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Guardians of the Amazon: Abraji and FLIP’s Joint Report on Journalism in the Region

Guardians of the Amazon: Abraji and FLIP’s Joint Report on Journalism in the Region

Our partners, the Brazilian Association of Investigative Journalism (Abraji) and the Foundation for Press Freedom (FLIP) have joined forces to address the challenges facing journalism in the Amazon, one of the most difficult regions to cover due to its natural density and the intersection of legal and illegal economic interests.

For this report, the two organisations carried out extensive first-person research, identifying the specific challenges of practicing journalism in these contexts and how journalists’ narratives can help protect the Amazon regions, with their biodiversity, numerous indigenous cultures, and unique natural resources.

Considering the Amazon as a single biome can oversimplify its rich diversity of peoples, territories, and challenges. Recognising it involves understanding it beyond a singular entity and appreciating the multiple realities coexisting within it. It’s not the same to talk about the vast Brazilian Amazon in Roraima or Mato Grosso as it is to talk about the Colombian Amazon in Caquetá or Putumayo, for example.

These Amazon regions also share daily tragedies that do not recognise borders. Illicit economies such as drug trafficking, illegal mining, arms trafficking, controlled by illegal groups, threaten the territory’s balance, condemning it to silence through self-censorship, fear, threats or execution of local leaders. Additionally, large extractive companies play a significant role here, along with activities like extensive cattle ranching or the expansion of agribusiness, which jeopardise the symbiotic relationships that have been built over millennia and are devastating the jungle on a scale alarming to humanity.

In this context, Colombia and Brazil also share the sad distinction of being the countries where the most environmental leaders are murdered year after year. The latest available report from Global Witness, published in 2023, indicates that out of 177 murders worldwide in 2022, 60 occurred in Colombia and 34 in Brazil. 36%, equivalent to 64 people, belonged to indigenous communities. Speaking out, acting, and denouncing what happens in the Amazon is a matter of life or death.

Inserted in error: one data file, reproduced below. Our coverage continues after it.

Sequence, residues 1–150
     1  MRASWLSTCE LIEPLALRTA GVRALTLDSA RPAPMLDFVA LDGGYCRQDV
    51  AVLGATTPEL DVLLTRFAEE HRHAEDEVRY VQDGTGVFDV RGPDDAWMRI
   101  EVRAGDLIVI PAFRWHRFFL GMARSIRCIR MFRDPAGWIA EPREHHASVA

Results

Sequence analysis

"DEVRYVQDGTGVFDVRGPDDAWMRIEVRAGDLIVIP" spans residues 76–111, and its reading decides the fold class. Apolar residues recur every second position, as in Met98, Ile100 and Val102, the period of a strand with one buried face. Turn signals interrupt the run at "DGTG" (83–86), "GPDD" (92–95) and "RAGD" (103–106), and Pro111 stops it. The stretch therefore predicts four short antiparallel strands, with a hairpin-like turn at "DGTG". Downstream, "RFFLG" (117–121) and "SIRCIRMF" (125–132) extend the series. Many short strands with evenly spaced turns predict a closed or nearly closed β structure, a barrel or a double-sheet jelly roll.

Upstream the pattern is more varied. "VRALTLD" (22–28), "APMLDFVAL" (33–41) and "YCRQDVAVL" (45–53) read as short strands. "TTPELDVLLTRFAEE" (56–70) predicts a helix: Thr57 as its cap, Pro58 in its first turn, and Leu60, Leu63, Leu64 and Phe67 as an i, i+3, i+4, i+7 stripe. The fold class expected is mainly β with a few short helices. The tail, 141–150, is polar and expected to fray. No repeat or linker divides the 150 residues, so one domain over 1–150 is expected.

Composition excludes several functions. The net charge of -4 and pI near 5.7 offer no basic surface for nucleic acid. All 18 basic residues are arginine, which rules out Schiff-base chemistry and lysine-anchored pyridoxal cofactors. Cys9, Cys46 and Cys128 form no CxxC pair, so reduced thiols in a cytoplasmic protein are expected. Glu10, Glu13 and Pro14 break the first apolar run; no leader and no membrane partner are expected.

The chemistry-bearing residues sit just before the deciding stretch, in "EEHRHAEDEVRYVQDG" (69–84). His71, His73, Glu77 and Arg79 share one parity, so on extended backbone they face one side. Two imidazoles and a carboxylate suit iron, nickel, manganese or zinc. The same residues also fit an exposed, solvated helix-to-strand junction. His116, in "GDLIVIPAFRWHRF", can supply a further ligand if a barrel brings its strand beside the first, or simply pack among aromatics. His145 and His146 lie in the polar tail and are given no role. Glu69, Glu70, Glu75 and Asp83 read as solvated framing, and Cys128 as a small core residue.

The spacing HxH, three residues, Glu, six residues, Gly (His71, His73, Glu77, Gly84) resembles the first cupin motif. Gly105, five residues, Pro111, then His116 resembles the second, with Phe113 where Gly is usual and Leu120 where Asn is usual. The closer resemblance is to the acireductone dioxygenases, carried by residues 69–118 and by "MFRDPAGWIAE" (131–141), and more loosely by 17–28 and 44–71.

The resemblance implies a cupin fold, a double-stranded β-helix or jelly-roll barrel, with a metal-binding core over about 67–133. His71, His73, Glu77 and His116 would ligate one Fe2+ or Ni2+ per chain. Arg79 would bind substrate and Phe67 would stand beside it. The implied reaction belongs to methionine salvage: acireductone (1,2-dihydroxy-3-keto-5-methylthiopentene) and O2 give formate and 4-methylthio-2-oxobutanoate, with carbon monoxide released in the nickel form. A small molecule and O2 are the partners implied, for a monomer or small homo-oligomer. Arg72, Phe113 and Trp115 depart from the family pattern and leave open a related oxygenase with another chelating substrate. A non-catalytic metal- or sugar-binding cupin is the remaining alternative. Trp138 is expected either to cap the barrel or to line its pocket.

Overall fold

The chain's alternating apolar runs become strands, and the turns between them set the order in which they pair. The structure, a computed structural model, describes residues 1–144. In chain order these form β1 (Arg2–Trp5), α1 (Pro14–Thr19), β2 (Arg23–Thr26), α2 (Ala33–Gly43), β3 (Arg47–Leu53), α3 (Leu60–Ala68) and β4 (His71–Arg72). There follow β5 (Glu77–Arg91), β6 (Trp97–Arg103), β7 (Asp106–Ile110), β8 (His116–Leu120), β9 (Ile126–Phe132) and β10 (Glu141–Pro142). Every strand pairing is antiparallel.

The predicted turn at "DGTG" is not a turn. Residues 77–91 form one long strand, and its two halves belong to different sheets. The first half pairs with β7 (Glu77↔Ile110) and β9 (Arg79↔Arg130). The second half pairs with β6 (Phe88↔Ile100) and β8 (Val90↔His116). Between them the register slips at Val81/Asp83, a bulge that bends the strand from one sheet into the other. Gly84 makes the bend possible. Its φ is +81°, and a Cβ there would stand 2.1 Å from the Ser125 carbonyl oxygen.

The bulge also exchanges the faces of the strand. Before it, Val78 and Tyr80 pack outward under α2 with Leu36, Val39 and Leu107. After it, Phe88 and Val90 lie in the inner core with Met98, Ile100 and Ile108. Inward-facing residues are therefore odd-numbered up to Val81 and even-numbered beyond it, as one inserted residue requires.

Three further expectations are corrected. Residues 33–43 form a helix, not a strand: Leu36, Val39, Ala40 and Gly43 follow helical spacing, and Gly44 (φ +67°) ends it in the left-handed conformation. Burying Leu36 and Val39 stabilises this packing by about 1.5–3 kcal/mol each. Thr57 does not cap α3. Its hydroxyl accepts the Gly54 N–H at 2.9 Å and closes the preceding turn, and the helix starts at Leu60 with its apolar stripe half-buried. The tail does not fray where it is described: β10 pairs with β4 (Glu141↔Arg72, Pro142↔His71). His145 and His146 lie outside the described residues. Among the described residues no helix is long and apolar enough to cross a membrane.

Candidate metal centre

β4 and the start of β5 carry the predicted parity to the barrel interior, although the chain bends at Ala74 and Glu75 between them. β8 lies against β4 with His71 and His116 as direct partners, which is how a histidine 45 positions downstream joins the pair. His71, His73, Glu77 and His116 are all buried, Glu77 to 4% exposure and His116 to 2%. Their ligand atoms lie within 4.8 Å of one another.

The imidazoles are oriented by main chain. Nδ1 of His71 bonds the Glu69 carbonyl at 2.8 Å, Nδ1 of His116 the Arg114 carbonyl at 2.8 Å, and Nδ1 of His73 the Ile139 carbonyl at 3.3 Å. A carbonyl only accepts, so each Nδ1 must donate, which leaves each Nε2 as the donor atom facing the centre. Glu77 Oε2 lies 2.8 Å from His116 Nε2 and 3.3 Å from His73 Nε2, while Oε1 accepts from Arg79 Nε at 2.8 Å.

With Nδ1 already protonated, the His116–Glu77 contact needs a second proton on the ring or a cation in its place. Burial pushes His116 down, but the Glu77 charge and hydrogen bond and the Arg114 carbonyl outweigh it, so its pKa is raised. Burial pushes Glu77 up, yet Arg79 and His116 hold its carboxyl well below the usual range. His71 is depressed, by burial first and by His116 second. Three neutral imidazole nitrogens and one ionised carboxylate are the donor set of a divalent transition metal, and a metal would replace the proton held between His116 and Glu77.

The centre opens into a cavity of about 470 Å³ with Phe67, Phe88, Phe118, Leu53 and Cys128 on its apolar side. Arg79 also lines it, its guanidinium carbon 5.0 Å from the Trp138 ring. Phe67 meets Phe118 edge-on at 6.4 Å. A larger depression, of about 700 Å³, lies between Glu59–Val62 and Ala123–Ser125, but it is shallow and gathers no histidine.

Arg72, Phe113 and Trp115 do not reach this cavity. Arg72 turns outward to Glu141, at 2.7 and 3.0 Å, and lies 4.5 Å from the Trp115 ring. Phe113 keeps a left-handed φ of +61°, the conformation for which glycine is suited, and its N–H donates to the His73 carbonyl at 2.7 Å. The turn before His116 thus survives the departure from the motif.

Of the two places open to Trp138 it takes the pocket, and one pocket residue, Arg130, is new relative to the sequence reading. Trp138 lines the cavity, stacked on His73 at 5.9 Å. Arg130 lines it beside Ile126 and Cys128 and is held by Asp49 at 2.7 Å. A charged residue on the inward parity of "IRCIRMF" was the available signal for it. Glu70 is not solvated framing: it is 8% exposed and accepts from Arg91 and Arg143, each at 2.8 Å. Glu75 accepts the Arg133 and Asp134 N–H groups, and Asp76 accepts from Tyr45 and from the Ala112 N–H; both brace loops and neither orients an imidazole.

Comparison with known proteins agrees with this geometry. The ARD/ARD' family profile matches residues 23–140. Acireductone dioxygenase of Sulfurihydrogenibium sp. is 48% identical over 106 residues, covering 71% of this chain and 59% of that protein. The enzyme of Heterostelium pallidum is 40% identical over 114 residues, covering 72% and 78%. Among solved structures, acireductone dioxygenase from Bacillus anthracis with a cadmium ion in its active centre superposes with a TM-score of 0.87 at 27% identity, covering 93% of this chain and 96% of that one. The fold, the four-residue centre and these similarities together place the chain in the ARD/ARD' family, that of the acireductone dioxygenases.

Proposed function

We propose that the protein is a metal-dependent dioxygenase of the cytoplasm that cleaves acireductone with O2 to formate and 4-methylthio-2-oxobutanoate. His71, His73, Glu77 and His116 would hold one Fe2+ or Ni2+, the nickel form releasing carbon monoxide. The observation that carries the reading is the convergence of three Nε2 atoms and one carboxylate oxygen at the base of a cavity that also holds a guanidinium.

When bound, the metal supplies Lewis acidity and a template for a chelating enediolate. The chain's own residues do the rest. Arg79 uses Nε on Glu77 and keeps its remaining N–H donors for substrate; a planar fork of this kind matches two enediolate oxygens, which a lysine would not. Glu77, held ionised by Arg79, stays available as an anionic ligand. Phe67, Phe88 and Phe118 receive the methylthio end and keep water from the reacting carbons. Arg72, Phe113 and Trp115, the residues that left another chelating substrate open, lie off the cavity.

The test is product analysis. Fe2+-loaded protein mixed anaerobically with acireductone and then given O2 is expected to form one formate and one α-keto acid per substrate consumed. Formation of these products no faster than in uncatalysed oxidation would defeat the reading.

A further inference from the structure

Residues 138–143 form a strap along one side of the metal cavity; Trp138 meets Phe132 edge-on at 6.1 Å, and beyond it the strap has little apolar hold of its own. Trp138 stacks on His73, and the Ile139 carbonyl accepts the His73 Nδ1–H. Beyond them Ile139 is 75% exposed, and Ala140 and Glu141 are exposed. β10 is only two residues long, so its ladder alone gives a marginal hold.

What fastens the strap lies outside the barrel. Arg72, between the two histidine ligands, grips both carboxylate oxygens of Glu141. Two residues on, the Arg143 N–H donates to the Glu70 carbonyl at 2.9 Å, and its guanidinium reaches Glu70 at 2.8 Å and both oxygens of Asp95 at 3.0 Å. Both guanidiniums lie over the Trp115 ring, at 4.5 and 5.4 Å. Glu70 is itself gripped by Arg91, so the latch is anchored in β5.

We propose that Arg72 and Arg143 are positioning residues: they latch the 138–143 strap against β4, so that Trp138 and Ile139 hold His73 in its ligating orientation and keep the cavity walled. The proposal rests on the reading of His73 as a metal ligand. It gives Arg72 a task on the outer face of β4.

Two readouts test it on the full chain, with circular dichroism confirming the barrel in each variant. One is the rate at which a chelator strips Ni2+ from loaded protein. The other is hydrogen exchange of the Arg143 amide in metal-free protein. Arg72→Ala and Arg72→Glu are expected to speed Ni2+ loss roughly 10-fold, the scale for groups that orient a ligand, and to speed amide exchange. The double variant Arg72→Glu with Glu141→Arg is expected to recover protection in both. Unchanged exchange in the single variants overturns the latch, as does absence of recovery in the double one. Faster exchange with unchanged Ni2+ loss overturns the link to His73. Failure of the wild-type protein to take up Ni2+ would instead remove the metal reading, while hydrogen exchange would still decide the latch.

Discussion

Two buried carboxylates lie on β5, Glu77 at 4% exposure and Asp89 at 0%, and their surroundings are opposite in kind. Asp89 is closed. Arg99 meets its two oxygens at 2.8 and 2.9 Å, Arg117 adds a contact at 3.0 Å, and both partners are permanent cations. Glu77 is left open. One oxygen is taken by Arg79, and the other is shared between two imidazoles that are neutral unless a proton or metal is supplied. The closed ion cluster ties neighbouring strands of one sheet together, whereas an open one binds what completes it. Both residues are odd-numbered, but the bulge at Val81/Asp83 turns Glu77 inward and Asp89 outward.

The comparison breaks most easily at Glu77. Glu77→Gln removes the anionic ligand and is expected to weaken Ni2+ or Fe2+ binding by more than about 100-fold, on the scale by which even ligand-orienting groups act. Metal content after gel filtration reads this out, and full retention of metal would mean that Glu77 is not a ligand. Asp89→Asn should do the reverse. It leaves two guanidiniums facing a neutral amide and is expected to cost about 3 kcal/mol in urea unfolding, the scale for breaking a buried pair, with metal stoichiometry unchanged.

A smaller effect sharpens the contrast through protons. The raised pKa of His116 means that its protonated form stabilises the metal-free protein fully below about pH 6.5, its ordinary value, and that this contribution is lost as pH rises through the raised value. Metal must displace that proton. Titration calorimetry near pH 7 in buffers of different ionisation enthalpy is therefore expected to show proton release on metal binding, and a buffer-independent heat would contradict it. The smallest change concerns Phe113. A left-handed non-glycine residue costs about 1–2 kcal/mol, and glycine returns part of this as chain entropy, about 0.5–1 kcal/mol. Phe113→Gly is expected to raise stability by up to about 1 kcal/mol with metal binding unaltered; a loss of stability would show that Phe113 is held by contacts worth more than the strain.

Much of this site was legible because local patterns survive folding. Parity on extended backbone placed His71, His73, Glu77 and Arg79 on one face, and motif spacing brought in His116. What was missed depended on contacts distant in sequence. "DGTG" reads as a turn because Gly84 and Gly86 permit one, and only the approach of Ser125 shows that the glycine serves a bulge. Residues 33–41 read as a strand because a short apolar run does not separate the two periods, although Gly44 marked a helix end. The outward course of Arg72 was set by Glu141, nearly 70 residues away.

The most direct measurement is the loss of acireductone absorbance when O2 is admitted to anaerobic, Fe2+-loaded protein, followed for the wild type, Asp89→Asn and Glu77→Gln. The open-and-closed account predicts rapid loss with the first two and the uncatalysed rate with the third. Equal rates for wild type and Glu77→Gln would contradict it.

This context inevitably shapes journalistic work in the Amazon regions. Covering these issues entails significant risks: facing the presence of multiple armed actors, the imposition of silence, barriers to accessing information, and geographical and economic limitations that restrict coverage in the field and the deep analysis of local problems. The murder of Dom Phillips and Bruno Pereira in 2022 in Atalaia Do Norte, Amazonas, Brazil, is a grim reminder of the dangers faced by professionals investigating and reporting on the region.

However, information about what happens in the Amazon is fundamental for society as a whole. With less information becoming available, as critical voices continue to be silenced, we all have less capacity to make decisions and demand action from governments and multilateral entities at this decisive moment for the planet’s future. On the other hand, it is essential to observe the demands of those who inhabit these territories regarding the perspectives and narratives that have been established in the public discussion and highlight the need to produce information with pluricultural approaches, which recognise the value of other worldviews.

The report

This report examines the conditions affecting the right to freedom of expression, focusing on journalism and other forms of information production of public interest, especially in the Colombian Amazon region and the western Brazilian Amazon. Aware of the diversity of perspectives, Abraji and FLIP emphasise that it is not their intention to establish a single view on the situation in the Amazon, but to promote a broader dialogue. Although their scope is limited to the areas and voices they have been able to explore, they seek to provide key points on how journalism can contribute to the safeguarding of the Amazon and ensure that citizens receive increasingly complete and accurate information.

Read the full report here  (in Spanish).

This article has been adapted with consent from the original report.


Media Defence

At Media Defence, we actively work to protect environmental reporting by providing financial and substantive legal support, litigating strategic cases and working to combat impunity of crimes against environmental journalists.

Read more about our work or see our resources on the topic.

Our Partners

We provide grants and technical support to organisations, including FLIP and Abraji, around the world to help them provide free, quality legal support directly to journalists in their countries.

Read more about becoming a partner.

If you are a journalist in need of legal support, apply here.

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